What kind of fellow was Timothy? (the two Epistles, Acts chapters 16 and 17, Romans 16, 2 Corinthians 1). Resident of the Turkish city of Lystra. Son of a Jewish woman converted to Christianity and an avid student of scripture. Her mother the same. The Father was a Greek.
Somewhat young to be called into missions as Paul’s assistant, and somewhat sensitive about the fact. Suffering from a fragile nervous constitution. Having a solid grip on Christian doctrine and Paul’s testimonies of encounters with the risen Christ.
Let me pause at this point. Paul tells Timothy in 1 Timothy 4 to hold tightly to his assurance of scripture and the doctrine so ably taught to him by friends and relatives. Do you note in today’s church a conscious turning away from doctrine as something ‘awkward and divisive’? ‘The simple Gospel story, yeah, that’ll be enough.’
Well, Paul speaks entirely to the contrary:
12 Let no man despise thy youth; but be thou an example of the believers, in word, in conversation, in charity, in spirit, in faith, in purity.
13 Till I come, give attendance to reading, to exhortation, to doctrine.
14 Neglect not the gift that is in thee, which was given thee by prophecy, with the laying on of the hands of the presbytery.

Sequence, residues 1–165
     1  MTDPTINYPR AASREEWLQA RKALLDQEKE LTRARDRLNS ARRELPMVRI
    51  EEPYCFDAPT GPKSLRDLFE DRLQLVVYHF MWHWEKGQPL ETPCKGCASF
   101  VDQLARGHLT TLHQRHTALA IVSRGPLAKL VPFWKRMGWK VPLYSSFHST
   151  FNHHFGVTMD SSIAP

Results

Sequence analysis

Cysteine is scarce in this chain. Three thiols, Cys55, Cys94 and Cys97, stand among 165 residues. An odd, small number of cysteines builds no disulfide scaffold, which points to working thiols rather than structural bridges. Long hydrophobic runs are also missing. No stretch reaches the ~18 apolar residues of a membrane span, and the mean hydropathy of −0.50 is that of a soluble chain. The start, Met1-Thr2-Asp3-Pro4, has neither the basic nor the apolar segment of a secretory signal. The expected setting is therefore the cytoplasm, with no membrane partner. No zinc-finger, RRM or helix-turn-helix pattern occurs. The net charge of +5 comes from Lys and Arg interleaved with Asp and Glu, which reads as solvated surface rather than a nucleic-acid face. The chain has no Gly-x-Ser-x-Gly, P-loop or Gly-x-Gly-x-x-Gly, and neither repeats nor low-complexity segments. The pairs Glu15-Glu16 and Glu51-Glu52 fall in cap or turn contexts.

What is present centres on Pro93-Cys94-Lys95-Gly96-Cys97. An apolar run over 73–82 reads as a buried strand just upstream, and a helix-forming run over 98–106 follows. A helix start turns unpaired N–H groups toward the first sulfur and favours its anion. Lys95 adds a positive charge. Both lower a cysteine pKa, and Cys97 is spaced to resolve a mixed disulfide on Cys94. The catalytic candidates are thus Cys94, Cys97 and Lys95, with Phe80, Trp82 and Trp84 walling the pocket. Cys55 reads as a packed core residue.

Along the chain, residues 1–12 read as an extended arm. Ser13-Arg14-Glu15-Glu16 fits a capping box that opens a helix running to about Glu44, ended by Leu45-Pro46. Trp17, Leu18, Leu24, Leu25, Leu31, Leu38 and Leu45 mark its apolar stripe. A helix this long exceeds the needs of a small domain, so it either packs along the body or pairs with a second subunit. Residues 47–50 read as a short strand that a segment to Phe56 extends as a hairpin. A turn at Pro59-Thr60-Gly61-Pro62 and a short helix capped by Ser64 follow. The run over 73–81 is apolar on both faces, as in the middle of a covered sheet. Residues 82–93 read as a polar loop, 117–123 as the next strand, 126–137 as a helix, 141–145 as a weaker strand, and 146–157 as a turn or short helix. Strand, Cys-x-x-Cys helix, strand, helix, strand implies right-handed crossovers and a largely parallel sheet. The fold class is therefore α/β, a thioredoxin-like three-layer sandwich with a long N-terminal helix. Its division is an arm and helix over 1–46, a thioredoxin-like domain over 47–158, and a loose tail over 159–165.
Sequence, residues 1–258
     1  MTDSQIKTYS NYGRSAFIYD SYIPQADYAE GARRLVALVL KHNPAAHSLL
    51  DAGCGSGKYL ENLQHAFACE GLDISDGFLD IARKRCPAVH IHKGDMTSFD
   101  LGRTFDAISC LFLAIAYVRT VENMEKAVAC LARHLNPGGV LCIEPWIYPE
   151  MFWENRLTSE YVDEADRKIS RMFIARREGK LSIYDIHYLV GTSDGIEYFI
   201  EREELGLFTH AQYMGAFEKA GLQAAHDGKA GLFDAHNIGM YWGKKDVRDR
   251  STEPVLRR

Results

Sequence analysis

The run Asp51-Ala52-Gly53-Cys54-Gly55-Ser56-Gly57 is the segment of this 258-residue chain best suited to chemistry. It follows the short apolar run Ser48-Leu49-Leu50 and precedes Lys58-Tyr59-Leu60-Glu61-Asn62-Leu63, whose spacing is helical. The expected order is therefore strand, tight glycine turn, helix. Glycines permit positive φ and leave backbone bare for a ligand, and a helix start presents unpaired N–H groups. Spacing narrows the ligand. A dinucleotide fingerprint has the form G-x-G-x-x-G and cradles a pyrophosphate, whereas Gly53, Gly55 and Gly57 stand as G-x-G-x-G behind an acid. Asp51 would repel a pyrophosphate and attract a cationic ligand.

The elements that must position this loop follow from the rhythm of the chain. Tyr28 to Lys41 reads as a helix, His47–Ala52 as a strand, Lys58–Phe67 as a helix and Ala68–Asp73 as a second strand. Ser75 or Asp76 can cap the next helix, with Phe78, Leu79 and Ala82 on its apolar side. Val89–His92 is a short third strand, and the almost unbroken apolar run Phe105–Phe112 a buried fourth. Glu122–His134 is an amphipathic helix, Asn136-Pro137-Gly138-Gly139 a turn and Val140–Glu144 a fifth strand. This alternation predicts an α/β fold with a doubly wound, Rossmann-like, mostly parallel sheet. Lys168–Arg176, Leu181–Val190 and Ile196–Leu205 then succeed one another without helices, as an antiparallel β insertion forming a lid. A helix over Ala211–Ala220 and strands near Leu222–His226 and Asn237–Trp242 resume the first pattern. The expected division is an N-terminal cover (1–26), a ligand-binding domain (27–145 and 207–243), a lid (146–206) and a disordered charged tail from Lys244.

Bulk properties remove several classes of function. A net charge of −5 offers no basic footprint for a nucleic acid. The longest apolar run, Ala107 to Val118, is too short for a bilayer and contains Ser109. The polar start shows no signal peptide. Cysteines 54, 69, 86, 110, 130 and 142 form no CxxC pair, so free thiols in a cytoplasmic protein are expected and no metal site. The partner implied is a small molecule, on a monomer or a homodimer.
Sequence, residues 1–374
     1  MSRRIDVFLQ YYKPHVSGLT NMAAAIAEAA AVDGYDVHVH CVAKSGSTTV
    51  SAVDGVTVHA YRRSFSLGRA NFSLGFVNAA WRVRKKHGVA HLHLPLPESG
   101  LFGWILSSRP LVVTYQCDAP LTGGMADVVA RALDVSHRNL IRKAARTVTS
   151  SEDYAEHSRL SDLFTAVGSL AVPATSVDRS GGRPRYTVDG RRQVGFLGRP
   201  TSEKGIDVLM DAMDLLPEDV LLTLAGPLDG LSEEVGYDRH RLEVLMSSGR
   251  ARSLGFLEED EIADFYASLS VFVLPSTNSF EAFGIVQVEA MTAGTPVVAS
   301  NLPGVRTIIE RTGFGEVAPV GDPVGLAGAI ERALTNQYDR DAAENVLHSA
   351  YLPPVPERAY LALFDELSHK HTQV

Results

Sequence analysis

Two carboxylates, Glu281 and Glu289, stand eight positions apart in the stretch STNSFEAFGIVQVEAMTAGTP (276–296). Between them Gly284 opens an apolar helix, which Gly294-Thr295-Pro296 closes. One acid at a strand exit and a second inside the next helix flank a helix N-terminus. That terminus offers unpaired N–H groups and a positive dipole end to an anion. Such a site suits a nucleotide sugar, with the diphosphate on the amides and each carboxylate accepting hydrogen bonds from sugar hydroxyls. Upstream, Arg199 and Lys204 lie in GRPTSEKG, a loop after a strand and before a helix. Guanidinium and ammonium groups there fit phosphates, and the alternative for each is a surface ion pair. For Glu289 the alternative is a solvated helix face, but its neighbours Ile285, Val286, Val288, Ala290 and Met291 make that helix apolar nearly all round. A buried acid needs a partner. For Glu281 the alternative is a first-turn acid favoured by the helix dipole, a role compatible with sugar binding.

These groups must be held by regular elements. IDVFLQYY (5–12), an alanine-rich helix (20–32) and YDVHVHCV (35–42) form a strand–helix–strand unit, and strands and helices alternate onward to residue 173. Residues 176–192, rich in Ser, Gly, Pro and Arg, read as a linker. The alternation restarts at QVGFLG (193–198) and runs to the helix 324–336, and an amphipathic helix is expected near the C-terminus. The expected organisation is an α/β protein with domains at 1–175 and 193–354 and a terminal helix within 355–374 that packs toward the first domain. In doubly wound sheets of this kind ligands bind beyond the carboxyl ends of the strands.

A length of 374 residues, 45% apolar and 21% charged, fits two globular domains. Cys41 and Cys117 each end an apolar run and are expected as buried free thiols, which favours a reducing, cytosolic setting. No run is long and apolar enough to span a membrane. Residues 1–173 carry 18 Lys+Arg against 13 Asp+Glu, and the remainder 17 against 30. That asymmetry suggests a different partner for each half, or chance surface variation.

15 Meditate upon these things; give thyself wholly to them; that thy profiting may appear to all.
16 Take heed unto thyself, and unto the doctrine; continue in them: for in doing this thou shalt both save thyself, and them that hear thee.
With such equipment Timothy is considered well able to be sent to Ephesus to oversee the church and the establishment of leadership and its qualifications; to attend to stern church discipline; to consider the needs of dependent widows and to monitor the use of all available resources (remember the 6th chapter and the exhortation to rich and faithful believers to be rich unto good works?)
In the course of Paul’s final incarceration under the wicked Nero, Timothy is entrusted to bring to his old friend the desired items of comfort before his fast-approaching departure (the cloak, the books and parchments). Paul reminds him:
2 Preach the word; be instant in season, out of season; reprove, rebuke, exhort with all long suffering and doctrine.
3 For the time will come when they will not endure sound doctrine; but after their own lusts shall they heap to themselves teachers, having itching ears;
4 And they shall turn away their ears from the truth, and shall be turned unto fables.
5 But watch thou in all things, endure afflictions, do the work of an evangelist, make full proof of thy ministry. (Second Epistle)
We are now in the same shoes as Timothy. Paul would say the same to us.